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A daily record of what I'm thinking about what I'm reading

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Wednesday, July 22, 2015

State of the Story: What the selections in Best American Short Stories have in common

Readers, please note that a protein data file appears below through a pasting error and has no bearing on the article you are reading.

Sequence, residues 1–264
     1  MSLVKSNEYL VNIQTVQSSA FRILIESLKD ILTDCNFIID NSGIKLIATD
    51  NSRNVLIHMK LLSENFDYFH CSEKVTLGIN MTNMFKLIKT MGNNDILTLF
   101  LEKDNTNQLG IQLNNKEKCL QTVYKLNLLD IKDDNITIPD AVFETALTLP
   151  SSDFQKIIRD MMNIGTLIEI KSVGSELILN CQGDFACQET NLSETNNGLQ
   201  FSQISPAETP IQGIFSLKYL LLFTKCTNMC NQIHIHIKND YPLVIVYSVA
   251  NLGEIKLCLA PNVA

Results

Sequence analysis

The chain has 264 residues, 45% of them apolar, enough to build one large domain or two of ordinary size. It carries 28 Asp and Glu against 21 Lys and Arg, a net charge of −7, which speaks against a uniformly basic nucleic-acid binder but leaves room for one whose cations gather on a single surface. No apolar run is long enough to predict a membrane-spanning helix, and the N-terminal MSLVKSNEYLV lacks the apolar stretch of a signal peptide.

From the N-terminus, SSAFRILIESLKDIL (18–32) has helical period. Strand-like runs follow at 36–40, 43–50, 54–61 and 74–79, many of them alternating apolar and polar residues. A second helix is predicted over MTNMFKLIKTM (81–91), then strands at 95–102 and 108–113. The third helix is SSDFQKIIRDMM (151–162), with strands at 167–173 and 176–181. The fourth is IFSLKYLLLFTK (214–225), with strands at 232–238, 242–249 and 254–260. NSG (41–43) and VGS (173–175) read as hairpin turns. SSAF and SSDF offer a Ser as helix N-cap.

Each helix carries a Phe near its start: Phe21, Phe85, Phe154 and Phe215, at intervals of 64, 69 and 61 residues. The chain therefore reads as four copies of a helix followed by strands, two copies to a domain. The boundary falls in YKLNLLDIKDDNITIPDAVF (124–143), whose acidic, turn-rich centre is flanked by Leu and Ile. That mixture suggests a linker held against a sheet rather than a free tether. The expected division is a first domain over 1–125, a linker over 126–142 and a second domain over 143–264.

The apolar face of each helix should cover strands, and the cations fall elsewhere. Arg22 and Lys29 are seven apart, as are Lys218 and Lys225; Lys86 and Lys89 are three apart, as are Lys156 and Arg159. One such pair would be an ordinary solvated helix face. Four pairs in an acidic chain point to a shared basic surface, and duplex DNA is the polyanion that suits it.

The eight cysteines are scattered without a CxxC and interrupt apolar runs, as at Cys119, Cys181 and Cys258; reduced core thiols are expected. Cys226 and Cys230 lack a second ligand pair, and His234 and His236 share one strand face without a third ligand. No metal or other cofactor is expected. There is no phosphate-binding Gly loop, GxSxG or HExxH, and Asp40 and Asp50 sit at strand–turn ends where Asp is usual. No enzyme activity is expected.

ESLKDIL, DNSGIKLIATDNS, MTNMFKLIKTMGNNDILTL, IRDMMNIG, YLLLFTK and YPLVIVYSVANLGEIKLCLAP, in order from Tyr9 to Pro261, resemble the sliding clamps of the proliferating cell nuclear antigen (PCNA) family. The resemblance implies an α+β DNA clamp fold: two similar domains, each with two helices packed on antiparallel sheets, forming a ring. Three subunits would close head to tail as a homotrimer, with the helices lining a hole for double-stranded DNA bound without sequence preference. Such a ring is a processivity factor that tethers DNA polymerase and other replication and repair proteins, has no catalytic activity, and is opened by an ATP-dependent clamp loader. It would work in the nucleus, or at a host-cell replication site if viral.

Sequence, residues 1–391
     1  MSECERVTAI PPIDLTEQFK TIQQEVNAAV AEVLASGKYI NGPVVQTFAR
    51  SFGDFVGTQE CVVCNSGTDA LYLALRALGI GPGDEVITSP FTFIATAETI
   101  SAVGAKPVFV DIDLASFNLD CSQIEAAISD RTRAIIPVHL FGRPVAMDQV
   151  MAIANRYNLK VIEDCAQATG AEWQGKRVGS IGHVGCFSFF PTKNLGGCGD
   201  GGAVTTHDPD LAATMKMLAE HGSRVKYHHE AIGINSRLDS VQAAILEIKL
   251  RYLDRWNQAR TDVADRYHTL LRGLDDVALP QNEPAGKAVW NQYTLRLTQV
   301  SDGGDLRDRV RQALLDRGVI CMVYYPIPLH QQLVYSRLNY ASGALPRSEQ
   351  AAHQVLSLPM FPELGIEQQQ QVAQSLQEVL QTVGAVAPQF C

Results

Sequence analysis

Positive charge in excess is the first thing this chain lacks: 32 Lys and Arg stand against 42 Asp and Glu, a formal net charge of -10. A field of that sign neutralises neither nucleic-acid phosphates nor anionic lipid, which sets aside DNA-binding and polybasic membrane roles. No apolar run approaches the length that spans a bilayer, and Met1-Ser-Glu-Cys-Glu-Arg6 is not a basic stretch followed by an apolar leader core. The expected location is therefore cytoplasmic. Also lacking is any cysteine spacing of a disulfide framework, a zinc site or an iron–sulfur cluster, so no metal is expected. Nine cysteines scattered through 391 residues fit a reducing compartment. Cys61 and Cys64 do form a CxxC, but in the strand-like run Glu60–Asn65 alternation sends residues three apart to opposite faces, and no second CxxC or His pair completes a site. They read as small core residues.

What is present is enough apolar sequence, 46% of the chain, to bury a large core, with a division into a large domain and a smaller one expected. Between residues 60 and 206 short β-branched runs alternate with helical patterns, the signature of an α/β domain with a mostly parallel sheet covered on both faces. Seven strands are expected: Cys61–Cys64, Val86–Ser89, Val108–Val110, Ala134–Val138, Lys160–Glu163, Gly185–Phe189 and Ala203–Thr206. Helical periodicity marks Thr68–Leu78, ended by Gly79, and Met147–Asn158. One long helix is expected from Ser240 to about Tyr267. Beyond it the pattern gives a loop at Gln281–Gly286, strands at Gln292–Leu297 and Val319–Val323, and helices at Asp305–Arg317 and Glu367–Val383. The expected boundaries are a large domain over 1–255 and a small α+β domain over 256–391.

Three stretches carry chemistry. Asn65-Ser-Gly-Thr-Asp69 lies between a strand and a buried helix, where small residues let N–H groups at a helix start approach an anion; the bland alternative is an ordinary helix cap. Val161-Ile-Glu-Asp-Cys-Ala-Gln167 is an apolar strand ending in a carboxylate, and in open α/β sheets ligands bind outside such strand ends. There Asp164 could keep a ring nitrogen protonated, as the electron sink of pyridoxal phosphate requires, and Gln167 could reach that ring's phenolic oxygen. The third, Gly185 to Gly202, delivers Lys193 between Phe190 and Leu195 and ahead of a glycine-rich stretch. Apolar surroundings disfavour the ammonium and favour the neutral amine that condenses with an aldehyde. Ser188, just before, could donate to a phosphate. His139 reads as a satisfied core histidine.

So what do the selections in Best American Short Stories 2014 (Jennifer Egan, ed.) have in common? First of all, for the most part the stories are by writers in relatively early career (Baxter, Beattie, Oates three exceptions) - and I think that's because so many young writers begin with short stories and even among those who continue the well begins to run dry and more mature writers begin to focus on novels. Maybe this is also in part because of the emphasis in writing programs on short stories, especially linked stories. It also made me think how so many of the great living short story writers have seemingly retired: Munro, Trevor (not eligible for this collection anyway, I think), Pearlman, Roth (though he hasn't written short fiction in decades). Second, these stories tilt toward the conventional: generally realistic narratives in straightforward narrative style - other than one or two told in fragments and one or two in which the narrative sequence is a pastiche, these are not experimental or groundbreaking stories: not a collection in which, among the established literati, Coover or Davis would find a comfortable slot. Third, the stories tend to be much longer than average - novels in miniature, in some instances. This may be evidence of Egan's taste (and mine, for that matter), but we don't see any of the abrupt, epiphanic, enigmatic, dreamlike stories that we often see in the New Yorker and in many of the lit mags reviewed for this collection. Many of the selected stories are novels in miniature. It's incredibly hard to place a story of any substantial length in a literary magazine, most of which are tight on space and hoping to publish many writers rather than many pages by a few writers, so the published stories of 20+ pages tend to be very good ones. Fourth, surprisingly, the collection is not NY-centric: I think only one, maybe two, of the stories takes place in NYC, which is a really nice break: though every living writer seems to have settled in Brooklyn, there are great stories to be told, and found, elsewhere, as this collection shows. I don't think this collection is exactly representative of the contemporary American story, but it's a strong collection. I liked some more than others but it seems to me that every entry was worthy of selection on its own terms - not based on author prestige or log-rolling (one year the editor, was it Mark Helprin?, judged the entries blind) but on the quality of the story and by a search for range and variety - in locale if nothing else - within a tight prescriptive field.

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